Big Three Energy Futures a Modest Mixed Bag this Morning

The big three energy futures are a modest mixed bag this morning after a rally on Friday that pushed RBOB to a gain for the week and made up most of the diesel contract’s losses.  The shuttering of five US oil rigs, following the previous week’s closure of two, doesn’t seem to be driving much price action with the benchmark up only 14 cents to start the week. New York gasoline and diesel are taking a small step back and are down 25 and 50 points respectively.

The proverbial “smart” money backed off on their net WTI positions last week and in turn opted for the European crude contract instead. The Brent-WTI spread is hanging around the $5.50 range and will likely continue to drive American exports, of which we saw an increase of 500mb per day last week.

The conflict in Kurdistan resulted in the slowing of a pipeline carrying crude from Kurdistan through Turkey to ports in the Black Sea. While this would be a fundamental disruption, especially to export economics, it looks like Iraq is considering reopening a different pipe to Turkey, essentially cutting Kurdistan out. It’s unclear whether resolution or disruption are currently priced in; it’s likely a little of both.

Last week’s move established some technical buying support for prompt month HO contract at its 10 and 20-day moving averages. The benchmark sold down and settled below the averages on Thursday only to be brought back above them in Friday’s rally. The prompt month’s interaction with these support levels will likely dictate any downward movement this week. Any significant upside potential will be decided around the $1.86 level with little in the way before then. RBOB’s similar break above the 50-day MA last week put in some support at $1.65 and the contract will likely trade between that and last month’s highs around the upper $1.70s.

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Oil Prices Seeing Modest Losses for a 2nd Day

Oil prices are seeing modest losses for a 2nd day as geopolitical tensions have eased momentarily, while refined products are attempting to push higher as tensions in Washington heat up.

The tail continues to wag the dog for refined products, as the latest spike in RIN values has pulled both RBOB and ULSD futures from overnight losses, to early morning gains.  The political maneuvering surrounding the EPA and Renewable fuel standard was ratcheted up a notch this week, sending ethanol RINs to 90 cents this morning, up from 77 on Monday.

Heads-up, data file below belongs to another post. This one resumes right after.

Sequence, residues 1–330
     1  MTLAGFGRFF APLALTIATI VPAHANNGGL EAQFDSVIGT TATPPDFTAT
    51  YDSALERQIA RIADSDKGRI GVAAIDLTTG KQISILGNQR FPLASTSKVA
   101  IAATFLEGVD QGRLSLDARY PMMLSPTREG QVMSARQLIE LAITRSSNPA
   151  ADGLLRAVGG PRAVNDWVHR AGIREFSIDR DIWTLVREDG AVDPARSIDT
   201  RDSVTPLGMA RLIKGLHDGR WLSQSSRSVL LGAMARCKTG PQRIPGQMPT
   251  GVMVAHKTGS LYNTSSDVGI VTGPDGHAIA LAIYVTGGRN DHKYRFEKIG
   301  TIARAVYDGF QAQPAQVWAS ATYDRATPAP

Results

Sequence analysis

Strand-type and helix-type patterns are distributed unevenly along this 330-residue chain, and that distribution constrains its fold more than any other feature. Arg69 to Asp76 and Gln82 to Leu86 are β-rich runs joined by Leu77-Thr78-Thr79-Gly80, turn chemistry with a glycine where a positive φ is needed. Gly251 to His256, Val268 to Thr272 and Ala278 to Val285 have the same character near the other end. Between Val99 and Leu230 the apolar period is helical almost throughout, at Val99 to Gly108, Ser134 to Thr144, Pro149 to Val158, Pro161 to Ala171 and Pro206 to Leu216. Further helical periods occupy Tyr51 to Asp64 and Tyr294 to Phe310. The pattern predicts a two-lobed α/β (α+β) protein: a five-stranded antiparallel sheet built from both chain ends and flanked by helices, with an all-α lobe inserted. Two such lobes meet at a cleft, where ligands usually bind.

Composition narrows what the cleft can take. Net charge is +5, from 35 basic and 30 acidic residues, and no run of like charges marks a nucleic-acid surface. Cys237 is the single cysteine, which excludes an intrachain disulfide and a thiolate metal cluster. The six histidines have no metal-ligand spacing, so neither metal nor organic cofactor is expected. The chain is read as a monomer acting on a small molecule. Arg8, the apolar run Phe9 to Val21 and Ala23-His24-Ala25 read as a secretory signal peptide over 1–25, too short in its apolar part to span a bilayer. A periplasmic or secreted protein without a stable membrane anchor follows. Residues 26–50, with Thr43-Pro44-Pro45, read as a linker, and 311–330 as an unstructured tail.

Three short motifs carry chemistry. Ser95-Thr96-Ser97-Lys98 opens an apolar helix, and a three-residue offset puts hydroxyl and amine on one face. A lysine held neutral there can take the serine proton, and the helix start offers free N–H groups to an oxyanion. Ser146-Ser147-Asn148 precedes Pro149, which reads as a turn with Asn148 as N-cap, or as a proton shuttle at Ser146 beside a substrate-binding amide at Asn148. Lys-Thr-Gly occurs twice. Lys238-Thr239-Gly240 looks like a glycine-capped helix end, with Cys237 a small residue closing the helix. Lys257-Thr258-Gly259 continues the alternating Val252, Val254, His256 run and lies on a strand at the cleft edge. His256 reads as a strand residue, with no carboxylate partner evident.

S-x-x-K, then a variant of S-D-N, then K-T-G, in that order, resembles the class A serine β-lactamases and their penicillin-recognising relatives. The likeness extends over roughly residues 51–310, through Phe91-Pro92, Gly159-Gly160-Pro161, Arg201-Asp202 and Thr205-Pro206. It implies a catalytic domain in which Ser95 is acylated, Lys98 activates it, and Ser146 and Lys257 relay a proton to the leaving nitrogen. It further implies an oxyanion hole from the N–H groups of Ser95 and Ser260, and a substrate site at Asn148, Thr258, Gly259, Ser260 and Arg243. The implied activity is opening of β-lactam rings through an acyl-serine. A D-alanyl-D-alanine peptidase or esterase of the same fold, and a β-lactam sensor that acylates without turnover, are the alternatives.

While the pressure on the EPA to keep the biofuel mandates at current levels may be good news for Agriculture businesses long term, near term things look a little rough as ethanol values plummeted to their lowest levels in over a year this week as inventories remain well above their 5 year range.

The divergence between crude and products leaves the outlook for prices for the coming weeks very much in doubt.  Buyers showed this week that they didn’t have the staying power to push prices past their September highs, leaving the technical picture stuck in neutral.  It seems like unless some new headline is able to shake things up, we may see prices move sideways for an extended period as a result.

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Across-the-Board Selling Wiping Out Gains

Reversal Thursday is in effect this morning as across-the-board selling (with little in the way of news to explain it) is wiping out most of the gains earned earlier in the week.

It’s hard to say what’s behind the selling so far.  It could be a delayed reaction to the soft demand estimates given by the EPA  yesterday, with both gasoline and diesel consumption reaching their lowest weekly levels since last winter.  It could also be a reflection of the easing of the tensions in Iraq when the Kurds chose not to fight the government forces over Kirkuk.  Or perhaps the speculative funds ran out of bullets to fire as they’ve already amassed historically large long positions in crude and refined products.

At this point, it doesn’t matter so much why we’re pulling back, as it does how long this selling can last.  If the momentum continues through tomorrow, it will create some bearish patterns on the weekly charts that bring on more heavy selling to end the month.  If the sellers run out of steam however, this may just be chalked up to yet another reversal Thursday session that was merely a short term correction of a longer term trend.

Refinery runs dipped sharply on the week as all 5 PADDs saw decreases, which seemed to catch the market a bit off-guard.  What will be critical for next week’s report will be whether or not we see a recovery.  If we do, it’s possible there were more plants in PADD 3 that slowed run rates ahead of Hurricane Nate than what was reported.  If they don’t, it appears that some of the fall maintenance work that was pushed back after Harvey has been put back on the schedule.